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So a client of mine is making repeated requests for things that were "cool" when her website originally launched in the late nineties. One feature is a scrolling marquee that just says "welcome to {domain name}" (client and domain withheld because of NDA).

I have repeatedly advised the client that this is a negative design element because a scrolling ticker is only useful for constantly updating data, and all she wants to put is a welcome message. Can you think of anything contemporary as far as subtle animations that would substitute for a scrolling marquee? The text would again just say "Welcome to {Domain Name}"

UPDATE

Some people have asked for clarification, so here's some more info about the site. I'd share the design, but again, NDA. : (

The design is the following themes: Patriotic, Clean, Slightly Textured. The concept that was given to me was a stock image that contained an old American flag and a copy of the constitution with a quill laid across it. I used that as a background and put the content on a paper-textured center container. The colors are red white and blue (white background with red headers and blue links). A flag waving might actually be perfect for that, as @Scott suggested. I'd love to see a suggestion of how to implement that.

UPDATE 2

In the interest of proposing solutions and not just creating problems, here's a jsfiddle of a jquery plugin to make a wave. Suggestions? Improvements? http://jsfiddle.net/yPZVy/

CLARIFICATION

I may or may not have explained this part well enough, she's not simply using the "marquee" tag but rather a flash animation that does the same thing. This is obvioulsy a problem for a lot of reasons.

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I would suggest non-moving text. But if you have to go with anything go with flying doves and a repeatedly inverting rainbow gradient design along with a soundtrack in the background that you can't turn off. –  Johannes May 9 '12 at 19:52
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For this client, it'd be screeching bald eagles and f-35s flying across the page. I'm not sure Kenny Loggins could be reached for permission to use Danger Zone. –  NateDSaint May 9 '12 at 19:53
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@scott I don't think it is, I'm not asking for a technical possibility for what I can do. I'll probably end up using a css3-based animation with a jQuery fallback. My question was one of design: what type of element can conceptually replace a bold marquee animation without affecting readability? –  NateDSaint May 9 '12 at 20:04
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Ahh fair enough. That is a puzzler, since any replacement even close to a marquee would be as distracting. I mean... "Tasteful Marquee" is itself an oxymoron :) –  Scott May 9 '12 at 20:06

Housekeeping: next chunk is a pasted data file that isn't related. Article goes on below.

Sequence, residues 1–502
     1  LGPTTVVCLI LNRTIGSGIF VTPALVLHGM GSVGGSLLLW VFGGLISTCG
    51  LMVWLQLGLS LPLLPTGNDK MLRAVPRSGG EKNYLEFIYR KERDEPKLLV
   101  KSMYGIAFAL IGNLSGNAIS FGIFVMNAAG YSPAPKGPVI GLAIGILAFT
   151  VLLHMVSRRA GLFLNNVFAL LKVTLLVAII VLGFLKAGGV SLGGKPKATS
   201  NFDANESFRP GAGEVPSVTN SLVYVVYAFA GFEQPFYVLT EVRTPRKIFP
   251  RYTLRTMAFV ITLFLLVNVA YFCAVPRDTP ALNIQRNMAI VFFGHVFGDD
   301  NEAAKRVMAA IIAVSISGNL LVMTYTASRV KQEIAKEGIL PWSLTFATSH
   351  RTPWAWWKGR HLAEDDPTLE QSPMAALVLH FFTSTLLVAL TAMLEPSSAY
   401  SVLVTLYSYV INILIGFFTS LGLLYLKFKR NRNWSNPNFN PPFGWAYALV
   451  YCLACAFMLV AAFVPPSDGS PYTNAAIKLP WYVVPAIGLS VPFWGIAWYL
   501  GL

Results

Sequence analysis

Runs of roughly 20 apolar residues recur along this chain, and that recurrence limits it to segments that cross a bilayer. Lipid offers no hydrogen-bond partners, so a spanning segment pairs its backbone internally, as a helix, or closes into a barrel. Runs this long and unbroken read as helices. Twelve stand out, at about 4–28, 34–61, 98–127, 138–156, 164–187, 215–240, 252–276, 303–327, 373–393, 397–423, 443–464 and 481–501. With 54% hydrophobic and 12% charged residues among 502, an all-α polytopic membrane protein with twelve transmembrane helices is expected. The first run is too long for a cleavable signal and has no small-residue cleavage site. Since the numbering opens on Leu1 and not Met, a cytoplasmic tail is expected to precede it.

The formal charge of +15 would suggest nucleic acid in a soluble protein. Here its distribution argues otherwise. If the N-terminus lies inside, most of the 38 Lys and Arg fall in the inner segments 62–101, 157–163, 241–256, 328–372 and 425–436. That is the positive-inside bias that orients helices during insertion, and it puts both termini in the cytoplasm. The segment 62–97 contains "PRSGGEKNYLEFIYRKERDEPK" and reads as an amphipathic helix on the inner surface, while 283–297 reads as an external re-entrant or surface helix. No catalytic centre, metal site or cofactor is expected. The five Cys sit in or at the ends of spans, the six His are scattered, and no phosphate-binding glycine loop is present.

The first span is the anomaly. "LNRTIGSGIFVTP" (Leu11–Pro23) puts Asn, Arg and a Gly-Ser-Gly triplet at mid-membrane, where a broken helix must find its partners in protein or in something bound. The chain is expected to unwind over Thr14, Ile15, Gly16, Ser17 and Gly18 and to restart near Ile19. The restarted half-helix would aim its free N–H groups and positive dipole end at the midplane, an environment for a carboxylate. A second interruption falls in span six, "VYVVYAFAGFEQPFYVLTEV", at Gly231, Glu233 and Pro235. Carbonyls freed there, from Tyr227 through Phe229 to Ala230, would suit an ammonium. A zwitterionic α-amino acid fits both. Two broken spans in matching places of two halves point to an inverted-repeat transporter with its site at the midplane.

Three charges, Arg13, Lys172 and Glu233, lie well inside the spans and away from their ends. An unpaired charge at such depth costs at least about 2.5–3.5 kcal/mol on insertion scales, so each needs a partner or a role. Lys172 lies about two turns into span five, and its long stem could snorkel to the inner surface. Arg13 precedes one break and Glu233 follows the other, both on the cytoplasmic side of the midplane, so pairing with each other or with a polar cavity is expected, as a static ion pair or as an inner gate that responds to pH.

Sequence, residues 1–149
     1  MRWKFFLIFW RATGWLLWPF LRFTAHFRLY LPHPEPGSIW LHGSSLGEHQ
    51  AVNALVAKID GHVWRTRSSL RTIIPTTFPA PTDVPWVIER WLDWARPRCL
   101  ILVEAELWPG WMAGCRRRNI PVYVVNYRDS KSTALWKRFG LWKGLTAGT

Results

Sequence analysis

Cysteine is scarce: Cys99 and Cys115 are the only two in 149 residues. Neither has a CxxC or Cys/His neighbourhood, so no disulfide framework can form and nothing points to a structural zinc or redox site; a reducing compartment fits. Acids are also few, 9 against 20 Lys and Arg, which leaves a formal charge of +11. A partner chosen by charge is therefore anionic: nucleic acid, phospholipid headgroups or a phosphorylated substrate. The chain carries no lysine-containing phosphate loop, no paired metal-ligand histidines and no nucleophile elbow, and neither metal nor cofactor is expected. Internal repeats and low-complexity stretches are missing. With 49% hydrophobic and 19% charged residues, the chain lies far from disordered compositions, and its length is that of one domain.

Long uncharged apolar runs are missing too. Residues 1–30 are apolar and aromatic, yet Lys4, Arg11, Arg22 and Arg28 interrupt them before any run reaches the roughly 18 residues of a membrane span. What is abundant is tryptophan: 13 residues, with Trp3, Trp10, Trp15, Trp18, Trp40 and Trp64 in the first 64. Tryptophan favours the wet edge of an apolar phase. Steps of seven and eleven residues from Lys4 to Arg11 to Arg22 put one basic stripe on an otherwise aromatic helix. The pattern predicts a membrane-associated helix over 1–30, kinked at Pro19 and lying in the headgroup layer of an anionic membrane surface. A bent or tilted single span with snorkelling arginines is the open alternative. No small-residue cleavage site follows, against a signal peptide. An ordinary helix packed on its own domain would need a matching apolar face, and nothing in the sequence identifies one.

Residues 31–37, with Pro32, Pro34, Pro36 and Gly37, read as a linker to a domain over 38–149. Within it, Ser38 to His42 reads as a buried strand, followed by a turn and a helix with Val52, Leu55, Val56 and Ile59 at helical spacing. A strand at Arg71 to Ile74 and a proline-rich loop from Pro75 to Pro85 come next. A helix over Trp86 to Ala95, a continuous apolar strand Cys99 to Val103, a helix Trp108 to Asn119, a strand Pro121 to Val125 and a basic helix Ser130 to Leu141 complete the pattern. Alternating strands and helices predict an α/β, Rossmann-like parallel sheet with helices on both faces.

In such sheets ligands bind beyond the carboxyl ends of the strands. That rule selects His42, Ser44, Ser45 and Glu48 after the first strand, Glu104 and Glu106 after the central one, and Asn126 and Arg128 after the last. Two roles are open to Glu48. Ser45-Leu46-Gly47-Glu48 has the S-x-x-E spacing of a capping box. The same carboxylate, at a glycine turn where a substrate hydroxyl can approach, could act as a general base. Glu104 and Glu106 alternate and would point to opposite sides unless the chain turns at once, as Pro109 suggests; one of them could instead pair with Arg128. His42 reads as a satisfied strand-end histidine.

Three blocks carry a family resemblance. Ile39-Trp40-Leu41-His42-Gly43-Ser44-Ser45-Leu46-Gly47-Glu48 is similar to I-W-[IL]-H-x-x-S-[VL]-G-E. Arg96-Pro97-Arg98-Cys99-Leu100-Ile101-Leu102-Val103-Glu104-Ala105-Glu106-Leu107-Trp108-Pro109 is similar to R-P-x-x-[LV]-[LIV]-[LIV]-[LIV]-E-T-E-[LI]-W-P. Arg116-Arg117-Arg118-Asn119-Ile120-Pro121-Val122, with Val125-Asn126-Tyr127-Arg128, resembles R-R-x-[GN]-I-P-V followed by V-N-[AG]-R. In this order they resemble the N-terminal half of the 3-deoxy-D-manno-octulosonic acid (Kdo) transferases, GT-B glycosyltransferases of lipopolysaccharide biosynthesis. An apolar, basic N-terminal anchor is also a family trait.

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She demands it because she thinks it makes the site "pop." Yup, one of those clients. Honestly I just want to make it out of this alive without recreating their old site. I've updated the question with details on the design. –  NateDSaint May 10 '12 at 1:58

5 Answers 5

up vote 6 down vote accepted

I find that if you dig deep enough there's usually a nugget of sense in even the craziest client requests. The words they use to express what they want are usually wrapped up in a hodge-podge of what they've seen and what they think is normal - but every profession has its own flavour of "a little knowledge is a dangerous thing". It could be worse, we could be doctors trying to tell patients that the drug they saw an ad for yesterday won't cure them, or mechanics trying to explain why the client's friend "who's really good with cars" was wrong and it this really honestly isn't a simple fix.

I'm guessing in this case because I don't know the client, but I can imagine a few genuine, sensible desires which, when put through the meat grinder of limited knowledge and experience, could result in them asking for a marquee with a welcome message that 'pops'.

  • They want movement that jolts a new customer into focus, actively pointing their attention to a start point and actively introducing chosen elements to the customer. If this is true, there are loads of things that use movement to focus on key elements which your client might like, if they are presented right. Outside of text transition effects, the obvious one is a carousel - a bit of a cliche maybe and often misused, but they can be very effective when done right. It's also probably the closest thing to a marquee.